If a business suffers an attack, it is likely that costs will be incurred as a result. For example, there are costs involved to obtain advice and support, identify the source and scope of the attack, restore systems, recover the data, and to notify victims of privacy breaches. These are known as first party losses.

A claim under a typical cyber insurance policy may also cover other costs, such as liabilities and losses associated with the cyber incident in question.

The liability and regulatory environment in Australia following recent data breaches, is evolving, with new fines and penalties set to elevate Australia as a global leader in regulatory controls, oversight, and enforcement in this space.

Following a cyber attack, a cyber insurance policy may offer access to an incident response specialist who can help coordinate the steps needed to assist in the recovery from a cyber incident.

This can include:

  • Arranging a forensic investigation of computer systems
  • Assisting in obtaining legal advice
  • Responding to regulators if required (for example if there has been a privacy breach)
  • Providing public relations support to help minimise reputational damage
  • Advising on costs to secure computer systems against a future cyber attack

It is worth noting not all costs are covered under a cyber insurance policy and cover will be subject to an organisation’s particular policy terms, conditions, and exclusions. For example, salary costs for employees, damage to property other than computer hardware, internet or utility outages, and uninsurable fines are not typically covered under cyber insurance.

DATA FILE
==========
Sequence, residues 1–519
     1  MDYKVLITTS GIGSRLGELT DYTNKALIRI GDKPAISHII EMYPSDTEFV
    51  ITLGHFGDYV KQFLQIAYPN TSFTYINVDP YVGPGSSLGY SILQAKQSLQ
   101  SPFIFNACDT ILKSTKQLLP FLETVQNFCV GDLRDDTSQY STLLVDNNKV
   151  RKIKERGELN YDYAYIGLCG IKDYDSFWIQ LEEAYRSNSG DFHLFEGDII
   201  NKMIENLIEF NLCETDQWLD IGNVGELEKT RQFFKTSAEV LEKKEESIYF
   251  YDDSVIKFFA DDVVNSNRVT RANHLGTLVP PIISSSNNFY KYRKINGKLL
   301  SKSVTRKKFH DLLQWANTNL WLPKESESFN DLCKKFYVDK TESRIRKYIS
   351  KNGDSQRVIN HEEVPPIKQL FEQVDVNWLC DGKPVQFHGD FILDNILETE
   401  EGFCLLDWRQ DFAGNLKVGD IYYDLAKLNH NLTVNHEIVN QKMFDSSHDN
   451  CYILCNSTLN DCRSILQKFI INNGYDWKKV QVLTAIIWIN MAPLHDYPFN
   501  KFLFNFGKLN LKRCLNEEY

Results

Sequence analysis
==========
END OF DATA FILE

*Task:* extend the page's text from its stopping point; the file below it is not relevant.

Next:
How Much Does Cyber Insurance Cost?

The cost of coverage is relative to the threats faced and the cyber security posture an organisation has to face those threats. Just like any other insurance policy, the cost of the policy depends on several factors, such as business size, revenue, number of employees, and the industry the organisation operates in.

More specifically to cyber risks, when calculating premiums for cyber insurance, some factors considered include potential downtime following an attack and the likely revenue impacts to the organisation, the types of data stored, likelihood of human error and the financial implications, and reliance on automation, systems, or data.

As criminal activity continues to gain momentum organisations should focus on securing networks and applying this concept to third and fourth party providers that operate within the same environment. A secure network requires constant vigilance and significant investment, which can all come undone if a trusted vendor doesn’t have the same focus on security.

Best practices suggest organisations should prepare and plan for an incident, however this concept has also evolved and morphed into practicing multiple different scenarios, and indeed should involve a scenario where a critical provider suffers an outage. In addition to a focus on security, it is important to diligently prepare for when security does indeed fail. This should include understanding risk transfer options, including cyber insurance options, and understanding what is available through your cyber insurance policy pre and post incident.

When considering cyber insurance options, it is essential to carefully review the potential cyber risks for your organisation, as well as potential losses that may be suffered following a cyber attack.




[1] Australian Government, Office of the Australian Information Commissioner, Notifiable Data Breaches Report: July to December 2022, 01st March 2023.

[2] Mimecast, Ransomware’s Decline Reveals Value of Improved Defenses, March 30, 2023.

[3] Australian Government, Australian Cyber Security Centre, Cyber Security and Australian Small Businesses, November 2020.